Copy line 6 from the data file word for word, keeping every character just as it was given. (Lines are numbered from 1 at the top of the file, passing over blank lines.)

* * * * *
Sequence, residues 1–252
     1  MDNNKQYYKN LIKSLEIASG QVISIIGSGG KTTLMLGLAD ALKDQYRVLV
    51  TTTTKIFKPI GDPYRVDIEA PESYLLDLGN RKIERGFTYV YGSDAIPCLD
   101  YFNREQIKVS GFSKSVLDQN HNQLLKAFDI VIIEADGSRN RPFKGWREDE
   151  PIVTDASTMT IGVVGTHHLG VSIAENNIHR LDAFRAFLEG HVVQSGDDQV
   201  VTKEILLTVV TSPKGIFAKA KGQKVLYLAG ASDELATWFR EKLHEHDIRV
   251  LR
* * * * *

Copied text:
   201  VTKEILLTVV TSPKGIFAKA KGQKVLYLAG ASDELATWFR EKLHEHDIRV